Smith expects to see bots on the level 3 intelligence spectrum in the next 2-3 years, bringing proactive and learning abilities to the bot interaction. He gives an example of a level 3 bot: this bot is able to contact a customer and offer a number of services based on an anticipated need as derived from data, trends and lifestyle. "Say a customer is passionate about coffee, a particular type of Guatemalan coffee, and a bot identifies the upcoming release of a new Guatemalan gourmet coffee, and notifies the customer of the release along with an overview of the new product and answers to questions the customer is likely to ask about the coffee and the company. As a coffee connoisseur, the customer will want to know where exactly the coffee is being grown, the flavor characteristics of the beans, how the coffee is being produced and what the annual yield of the farm is expected to be. The bot is ready with all of this information and more."
The bot, in short, has evolved from an inert technology, to one of customer adviser, he said. “We will find these interactions and recommendations truly remarkable and wonder how a bot could possibly know so much. Soon however, we will accept these increasingly intelligent, productive and even fun interactions with bots to be more common, and we should expect bots to display a sense of humor and an ever deeper knowledge of our preferences and habits as well as our passions."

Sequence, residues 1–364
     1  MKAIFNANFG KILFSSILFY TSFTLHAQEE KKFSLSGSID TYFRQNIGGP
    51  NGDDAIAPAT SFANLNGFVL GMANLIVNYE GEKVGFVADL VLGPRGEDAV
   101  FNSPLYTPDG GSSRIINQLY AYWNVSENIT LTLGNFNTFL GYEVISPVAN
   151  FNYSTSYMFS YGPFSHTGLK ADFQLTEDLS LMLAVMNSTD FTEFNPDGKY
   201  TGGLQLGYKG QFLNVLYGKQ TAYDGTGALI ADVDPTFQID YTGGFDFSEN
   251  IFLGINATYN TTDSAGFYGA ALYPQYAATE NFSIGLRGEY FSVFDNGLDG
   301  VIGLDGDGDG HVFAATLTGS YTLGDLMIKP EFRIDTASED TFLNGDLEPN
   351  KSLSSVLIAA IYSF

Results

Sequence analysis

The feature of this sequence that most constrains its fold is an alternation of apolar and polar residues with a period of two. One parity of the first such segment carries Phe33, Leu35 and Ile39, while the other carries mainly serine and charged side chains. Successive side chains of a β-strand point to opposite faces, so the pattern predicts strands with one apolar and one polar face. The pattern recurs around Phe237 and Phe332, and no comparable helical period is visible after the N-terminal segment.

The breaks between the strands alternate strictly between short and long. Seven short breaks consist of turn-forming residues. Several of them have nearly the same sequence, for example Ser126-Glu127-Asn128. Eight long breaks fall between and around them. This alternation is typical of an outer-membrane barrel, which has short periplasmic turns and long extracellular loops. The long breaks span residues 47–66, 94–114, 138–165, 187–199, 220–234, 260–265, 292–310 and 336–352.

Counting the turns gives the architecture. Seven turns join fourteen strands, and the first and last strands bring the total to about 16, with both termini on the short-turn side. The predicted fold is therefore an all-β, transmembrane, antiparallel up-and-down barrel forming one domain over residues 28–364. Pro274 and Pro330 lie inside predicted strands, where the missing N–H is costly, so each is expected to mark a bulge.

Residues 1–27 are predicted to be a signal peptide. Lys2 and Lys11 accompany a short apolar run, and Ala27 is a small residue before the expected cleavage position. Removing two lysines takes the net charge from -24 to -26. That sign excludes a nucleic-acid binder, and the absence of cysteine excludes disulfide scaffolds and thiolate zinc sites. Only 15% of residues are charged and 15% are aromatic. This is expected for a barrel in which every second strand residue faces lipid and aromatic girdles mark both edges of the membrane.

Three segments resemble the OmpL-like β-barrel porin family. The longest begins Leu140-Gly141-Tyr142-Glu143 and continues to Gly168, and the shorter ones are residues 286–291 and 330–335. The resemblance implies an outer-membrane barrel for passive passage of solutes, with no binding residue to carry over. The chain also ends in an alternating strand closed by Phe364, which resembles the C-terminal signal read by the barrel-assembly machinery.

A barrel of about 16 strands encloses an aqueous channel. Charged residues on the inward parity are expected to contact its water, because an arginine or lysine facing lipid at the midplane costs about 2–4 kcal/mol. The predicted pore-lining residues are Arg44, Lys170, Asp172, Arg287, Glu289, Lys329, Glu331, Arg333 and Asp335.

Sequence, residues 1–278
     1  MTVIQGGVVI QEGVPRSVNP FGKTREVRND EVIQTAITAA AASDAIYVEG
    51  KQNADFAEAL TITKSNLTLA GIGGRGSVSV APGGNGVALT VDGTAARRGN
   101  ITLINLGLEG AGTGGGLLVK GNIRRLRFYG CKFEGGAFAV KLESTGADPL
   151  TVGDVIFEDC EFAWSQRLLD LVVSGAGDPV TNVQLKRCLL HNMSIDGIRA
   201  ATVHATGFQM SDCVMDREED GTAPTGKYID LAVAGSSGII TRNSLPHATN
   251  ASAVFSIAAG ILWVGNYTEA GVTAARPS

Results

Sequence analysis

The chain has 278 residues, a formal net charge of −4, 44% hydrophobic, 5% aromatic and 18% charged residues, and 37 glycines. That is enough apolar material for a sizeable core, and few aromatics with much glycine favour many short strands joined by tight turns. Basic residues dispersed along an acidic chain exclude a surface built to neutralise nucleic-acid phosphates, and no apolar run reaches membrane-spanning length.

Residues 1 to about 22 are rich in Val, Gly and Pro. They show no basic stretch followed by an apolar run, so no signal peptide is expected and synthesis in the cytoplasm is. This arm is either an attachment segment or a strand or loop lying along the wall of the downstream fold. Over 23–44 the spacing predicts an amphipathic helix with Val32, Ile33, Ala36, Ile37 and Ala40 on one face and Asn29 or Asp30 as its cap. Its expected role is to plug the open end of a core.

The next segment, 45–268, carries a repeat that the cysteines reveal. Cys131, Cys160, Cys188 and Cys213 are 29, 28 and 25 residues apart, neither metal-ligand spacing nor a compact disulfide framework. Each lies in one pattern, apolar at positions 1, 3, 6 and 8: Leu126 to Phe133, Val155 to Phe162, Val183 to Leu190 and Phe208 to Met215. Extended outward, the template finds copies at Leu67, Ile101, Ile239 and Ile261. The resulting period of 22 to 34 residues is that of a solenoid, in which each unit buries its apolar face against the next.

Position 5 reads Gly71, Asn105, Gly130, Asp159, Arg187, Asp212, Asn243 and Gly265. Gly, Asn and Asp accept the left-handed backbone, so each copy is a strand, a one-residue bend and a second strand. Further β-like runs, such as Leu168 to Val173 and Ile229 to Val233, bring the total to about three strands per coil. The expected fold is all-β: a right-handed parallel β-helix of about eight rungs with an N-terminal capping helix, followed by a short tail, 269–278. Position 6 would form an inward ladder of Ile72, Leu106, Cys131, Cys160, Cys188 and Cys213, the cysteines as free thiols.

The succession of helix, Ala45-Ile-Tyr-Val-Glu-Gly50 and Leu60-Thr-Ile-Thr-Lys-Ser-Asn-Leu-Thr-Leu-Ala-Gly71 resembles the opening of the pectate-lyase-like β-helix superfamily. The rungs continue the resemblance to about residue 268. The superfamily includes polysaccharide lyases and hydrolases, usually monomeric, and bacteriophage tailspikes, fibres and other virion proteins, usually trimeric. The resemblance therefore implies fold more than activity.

In intelligence level 4, bots will have evolved into something akin to a personal concierge that answers questions, provides information, takes actions, runs errands, communicates with family, friends and colleagues, performs complex problem solving and makes recommendations among other possibilities, he said.
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Levels 1 and 2 Not to be Overshadowed
None of these novel uses for bots at the 3-4 side of the spectrum should overshadow the uses that bots perform now, though, Smith added. “We need to remember that even answering basic questions is very helpful, in particular in cases where the volumes of interactions are high and the ability of a bot to offload some of this communications from our people is valuable in itself.”
For instance, Brian Westfall, senior HR and talent management analyst with Capterra, believes that chatbots should be seen as an integral staff member on HR teams. “Chatbots offer an immediate and impactful way to streamline an organization's HR efforts by streamlining simple, repetitive functions and freeing up employees to do more complicated or personalized work,” he said.